For a brief moment on June 10th, it seemed like Apple was going to support notification syncing between your iPhone and your Mac. It seemed like they said if you got, say, a New York Times push notification on your phone, you could get it on your Mac as well. That feature turned out to be just Safari Push Notifications — an option to let websites push notifications to your Mac the same way mobile apps push notifications on your iPhone. A nice feature still, perhaps, but nothing that’d bring the iOS and OS X synergy we thought was coming.
And yes, Safari Push Notifications are a good idea and a nice new feature, to a degree. But at the same time, they can be one of the most infuriating, in-your-face new features on the Mac. Here’s why.
It must be the season again for simple RSS reader apps. There’s the new native Mac-style Dayspring feed reader, and the new Dropbox-powered web app JellyReader. And now, we’ve got another new simple feed reader, this time a node-webkit powered Mac and PC app: Sputnik.
Sputnik’s light on features like the other aforementioned apps, but makes up for it with a beautifully unique UI and a silky-smooth performance that makes it delightful to use. And with a low, low price tag of free, it’s absolutely worth checking out.
Google Reader’s death has pushed us all to decide again what we want from RSS. But it’s easy to forget that Google Reader and online synced feeds weren’t the only option all along. The Mac used to include RSS sync in both Safari and Mail, and Firefox still has Live Bookmarks for a simple way to subscribe to sites. Neither option was as shiny as Reeder or as convenient as any online feed sync with companion mobile apps, but they just worked. You got the latest news on your Mac in a lightweight, native app, and got on with your life.
That’s exactly what the new Dayspring app offers. It’s a lightweight, Mac-only RSS reader that brings back the simplicity of checking your feeds in an app like Mail.
Tired of having your RSS feeds, longform articles, and bookmarks spread across different apps and services? ReadKit is the reading app you need. It’s the app to keep all of your reading in one place.
ReadKit is the perfect post-Google Reader RSS reader for the Mac, with built-in native RSS sync and full-featured support for all of the best new RSS reader services, including Feedly, Fever, NewsBlur, Feed Wrangler, and Feedbin. You can then add your reading later services — including Instapaper, Pocket, and Readability — and bookmarks from Pinboard and Delicious, and keep everything together in one app. It’s easy to find everything you want to read, with Smart Folders and search, and simple to make your reading experience just the way you want with 4 beautiful themes and the reading font and size of your choice.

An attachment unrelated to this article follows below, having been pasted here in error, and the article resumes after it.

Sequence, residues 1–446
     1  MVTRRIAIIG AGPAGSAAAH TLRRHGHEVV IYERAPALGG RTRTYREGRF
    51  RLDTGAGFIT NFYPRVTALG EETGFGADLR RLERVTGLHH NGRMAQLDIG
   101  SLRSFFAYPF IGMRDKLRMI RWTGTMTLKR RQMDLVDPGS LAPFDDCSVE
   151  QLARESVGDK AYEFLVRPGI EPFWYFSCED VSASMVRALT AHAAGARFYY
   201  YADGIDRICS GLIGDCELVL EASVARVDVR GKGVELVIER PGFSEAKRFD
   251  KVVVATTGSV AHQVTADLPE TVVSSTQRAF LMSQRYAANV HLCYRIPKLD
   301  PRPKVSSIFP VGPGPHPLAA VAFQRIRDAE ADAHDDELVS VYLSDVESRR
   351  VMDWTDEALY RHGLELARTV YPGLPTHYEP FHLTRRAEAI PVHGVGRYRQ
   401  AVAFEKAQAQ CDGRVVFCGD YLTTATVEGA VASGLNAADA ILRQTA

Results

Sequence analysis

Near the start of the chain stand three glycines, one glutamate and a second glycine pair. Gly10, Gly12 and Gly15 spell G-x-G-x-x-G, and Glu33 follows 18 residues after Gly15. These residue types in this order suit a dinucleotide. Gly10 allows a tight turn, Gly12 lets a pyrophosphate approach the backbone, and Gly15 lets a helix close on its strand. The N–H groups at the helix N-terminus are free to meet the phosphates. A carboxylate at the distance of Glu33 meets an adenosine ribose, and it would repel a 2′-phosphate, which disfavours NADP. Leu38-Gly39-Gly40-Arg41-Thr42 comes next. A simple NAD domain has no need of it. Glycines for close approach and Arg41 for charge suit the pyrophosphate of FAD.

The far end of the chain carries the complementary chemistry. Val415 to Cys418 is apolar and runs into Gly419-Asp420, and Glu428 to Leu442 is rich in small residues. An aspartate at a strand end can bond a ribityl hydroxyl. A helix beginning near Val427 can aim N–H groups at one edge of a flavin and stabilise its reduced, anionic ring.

Want more than just reading? ReadKit’s got you covered, with rich integration with all of your favorite sharing and bookmarking services. It’s even got one-click Evernote saving, so you can build an archive of your favorite articles to easily find them later.
ReadKit is our AppStorm RSS and reading app of choice, one we gave a 10/10 rating in our most recent review. We’re pretty sure you’ll love it.
Get a Copy of ReadKit Today!
ReadKit is the RSS and reading later app you need. It’s just $6.99 on the Mac App Store, a steal for everything it offers. Go get your copy today, and start enjoying the best reading experience the Mac has to offer!
The RSS reader market was fully dominated by Google Reader for years, and the best native apps for RSS were all designed to sync with Google Reader. There just wasn’t any other way to compete. In that market, Reeder quickly won most of us over with its beautiful UI, something that other apps rushed to copy.
Then, Google announced that it was closing down Google Reader, and we all rushed to find another way to read our feeds. There’s great Mac-only RSS apps, like the new NetNewsWire 4 beta and the just-released Leaf 2, but that’s going to keep you from reading your feeds on the go. You’ll still get your feeds, but will have lost the ability to read your feeds from anywhere that you had with Google Reader.
Syncing’s tough, of course, and there’s so many popular services now you’d need to support. To that challenge, one unlikely app has risen to be the best-in-class app that’s the one app any serious RSS user on the Mac should buy: ReadKit. Now with the customizable sharing options you’d have expected from Reeder, it’s the one RSS reader to beat.